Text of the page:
Back to stories

Perspectives for 2023 from Supply Chain Leaders at Uber, Maersk, and P&G

December 20, 2022

Supply chain is having a moment.

Rarely has the backend logistics infrastructure for global commerce been a more relevant topic of discussion in the news or in corporate boardrooms than it is today. Following two years of unprecedented disruption wrought by the COVID-19 pandemic, supply chain leaders have the attention of the C-suite and a clear mandate for change.

Last week, Menlo brought together three leading voices in this discussion to talk about what these dynamics will mean for the future of supply chain: 

Bill Driegert, Michelle Eggers, and Shereen Zarkani
  • Bill Driegert, Co-Founder & Head of Operations at Uber Freight
  • Michelle Eggers, formerly Vice President of Logistics Purchases at P&G, currently Vice President of Grooming Purchases at P&G
  • Shereen Zarkani, Managing Partner at Maersk Growth

Over the course of the conversation, the three panelists assessed the state of the current supply chain landscape, discussed the industry’s new mandate to future-proof logistics infrastructure, and outlined the technologies and innovations they are most excited about investing in over the next year.

Below, we recapped the five biggest takeaways from the panel.

COVID-era supply chain issues are receding, but the aftereffects will linger

The impact of the pandemic on global supply chains cannot be overstated. The supply shock that started in China in March 2020, and the demand shock that followed as consumer spending surged, exposed vulnerabilities in the production strategies and logistics infrastructure of firms around the world.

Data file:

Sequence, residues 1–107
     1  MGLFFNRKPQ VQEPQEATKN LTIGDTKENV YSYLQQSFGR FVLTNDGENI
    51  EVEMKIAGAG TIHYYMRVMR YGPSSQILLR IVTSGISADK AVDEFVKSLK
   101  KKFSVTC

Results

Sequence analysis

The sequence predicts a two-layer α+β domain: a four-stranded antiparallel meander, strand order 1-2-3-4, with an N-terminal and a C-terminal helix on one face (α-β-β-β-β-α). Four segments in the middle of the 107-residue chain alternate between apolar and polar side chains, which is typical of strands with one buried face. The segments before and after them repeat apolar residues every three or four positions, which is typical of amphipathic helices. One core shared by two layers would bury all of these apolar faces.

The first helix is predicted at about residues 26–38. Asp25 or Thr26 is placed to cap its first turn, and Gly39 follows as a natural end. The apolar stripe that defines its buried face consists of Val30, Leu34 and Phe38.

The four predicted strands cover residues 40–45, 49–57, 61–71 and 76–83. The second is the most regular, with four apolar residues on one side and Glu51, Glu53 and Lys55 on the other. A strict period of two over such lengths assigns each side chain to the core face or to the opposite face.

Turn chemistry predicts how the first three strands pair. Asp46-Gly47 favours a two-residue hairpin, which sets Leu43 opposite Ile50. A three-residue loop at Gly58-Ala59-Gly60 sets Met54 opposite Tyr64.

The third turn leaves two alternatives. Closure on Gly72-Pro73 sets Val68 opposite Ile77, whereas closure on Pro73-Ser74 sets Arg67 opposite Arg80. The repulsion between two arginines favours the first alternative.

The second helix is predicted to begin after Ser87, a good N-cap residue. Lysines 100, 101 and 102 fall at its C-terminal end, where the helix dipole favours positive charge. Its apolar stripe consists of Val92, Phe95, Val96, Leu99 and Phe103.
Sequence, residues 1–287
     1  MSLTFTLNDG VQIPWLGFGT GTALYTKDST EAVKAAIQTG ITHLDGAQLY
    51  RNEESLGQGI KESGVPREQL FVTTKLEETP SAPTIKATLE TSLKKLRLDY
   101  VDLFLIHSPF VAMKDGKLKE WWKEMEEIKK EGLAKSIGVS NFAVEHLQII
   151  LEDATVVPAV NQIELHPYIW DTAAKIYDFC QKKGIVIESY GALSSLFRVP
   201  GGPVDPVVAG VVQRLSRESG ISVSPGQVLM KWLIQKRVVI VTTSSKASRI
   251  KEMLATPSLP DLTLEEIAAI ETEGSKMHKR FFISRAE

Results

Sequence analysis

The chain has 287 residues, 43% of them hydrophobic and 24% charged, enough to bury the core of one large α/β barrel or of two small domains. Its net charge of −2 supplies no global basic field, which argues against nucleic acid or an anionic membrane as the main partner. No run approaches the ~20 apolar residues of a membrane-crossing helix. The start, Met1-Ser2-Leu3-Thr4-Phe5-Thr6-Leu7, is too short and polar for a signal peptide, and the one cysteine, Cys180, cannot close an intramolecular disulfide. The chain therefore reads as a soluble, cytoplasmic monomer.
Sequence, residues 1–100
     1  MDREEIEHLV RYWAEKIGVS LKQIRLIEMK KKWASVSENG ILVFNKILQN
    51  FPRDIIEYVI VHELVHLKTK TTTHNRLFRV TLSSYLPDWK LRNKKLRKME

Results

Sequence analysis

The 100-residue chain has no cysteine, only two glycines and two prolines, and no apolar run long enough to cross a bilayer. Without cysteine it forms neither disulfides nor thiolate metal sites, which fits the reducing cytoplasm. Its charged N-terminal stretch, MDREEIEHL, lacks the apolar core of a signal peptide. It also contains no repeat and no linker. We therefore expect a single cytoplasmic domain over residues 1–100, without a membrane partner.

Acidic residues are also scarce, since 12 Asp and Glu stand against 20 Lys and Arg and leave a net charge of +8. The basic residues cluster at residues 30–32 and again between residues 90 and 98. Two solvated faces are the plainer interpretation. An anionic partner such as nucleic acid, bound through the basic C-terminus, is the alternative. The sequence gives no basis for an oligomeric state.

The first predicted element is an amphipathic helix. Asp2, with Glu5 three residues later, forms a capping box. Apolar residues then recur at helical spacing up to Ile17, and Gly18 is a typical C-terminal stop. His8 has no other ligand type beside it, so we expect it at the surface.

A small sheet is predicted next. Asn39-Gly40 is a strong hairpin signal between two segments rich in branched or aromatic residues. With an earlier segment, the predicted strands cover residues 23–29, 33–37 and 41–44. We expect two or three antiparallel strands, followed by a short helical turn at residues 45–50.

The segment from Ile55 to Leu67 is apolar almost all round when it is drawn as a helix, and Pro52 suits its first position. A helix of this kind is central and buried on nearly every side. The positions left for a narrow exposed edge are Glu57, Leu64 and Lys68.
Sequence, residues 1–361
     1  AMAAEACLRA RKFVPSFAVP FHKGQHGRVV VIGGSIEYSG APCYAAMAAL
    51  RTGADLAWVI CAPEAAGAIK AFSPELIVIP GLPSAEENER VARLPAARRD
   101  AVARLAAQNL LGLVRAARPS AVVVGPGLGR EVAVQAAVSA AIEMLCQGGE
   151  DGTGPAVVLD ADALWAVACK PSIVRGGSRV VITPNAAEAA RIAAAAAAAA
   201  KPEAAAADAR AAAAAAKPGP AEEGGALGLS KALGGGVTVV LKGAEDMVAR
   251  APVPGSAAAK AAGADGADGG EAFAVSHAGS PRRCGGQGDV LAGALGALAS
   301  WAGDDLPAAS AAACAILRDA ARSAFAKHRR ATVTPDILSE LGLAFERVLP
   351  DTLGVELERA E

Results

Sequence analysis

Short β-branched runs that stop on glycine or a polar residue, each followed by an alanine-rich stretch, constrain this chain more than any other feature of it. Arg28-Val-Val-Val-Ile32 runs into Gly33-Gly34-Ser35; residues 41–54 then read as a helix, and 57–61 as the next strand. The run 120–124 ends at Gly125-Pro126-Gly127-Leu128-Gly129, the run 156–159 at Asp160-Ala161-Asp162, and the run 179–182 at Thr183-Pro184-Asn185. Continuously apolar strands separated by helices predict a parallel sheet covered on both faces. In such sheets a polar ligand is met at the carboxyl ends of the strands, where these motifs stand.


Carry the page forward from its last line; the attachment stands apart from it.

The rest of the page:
Nearly two years later, the worst seems to have passed. Delays at ports are now easing, container prices are falling back to pre-pandemic normals, and retail inventory is rebounding. Labor shortages have been stubbornly persistent, but are now stabilizing rather than continuing to climb.

Despite the early signs of relief, however, our panelists predicted continued disruptions in the short term as global supply chains continue to feel the aftereffects of the pandemic, and geopolitical tensions and regulations introduce new and ongoing uncertainty. 

“I think there are a lot of pent-up buffers and other factors at play that haven’t fully recovered,” Driegert said. “We’ve still got some surprises left in terms of how the market will react over the next four to six months. It’s more normal but not quite there yet.”

Resiliency has become essential coming out of the pandemic

“I think what the pandemic has shown is how fragmented and completely fragile the supply chain is. And this fragility cannot be unseen,” Zarkani said.

In response to the lessons of the pandemic, supply chain leaders have been given the pressing task of building back a more resilient, future-proof global logistics infrastructure with new levels of visibility, automation, and sourcing redundancy.

Crucially, however, this new charge must be balanced with the continued need to operate efficiently. To this end, Driegert emphasizes the important role that supply chain technologies can play in improving modern supply chains and hastening the speed of adoption.

“Increased visibility has motivated a lot more focus on transformational tech and how it can build more resiliency for modern supply chains,” he said. “We have seen a lot more interest in new procurement methodologies. A lot of the tech that we first marketed two to three years ago, which were getting steady bites and growth, we saw a dramatic acceleration in—like real-time pricing APIs.”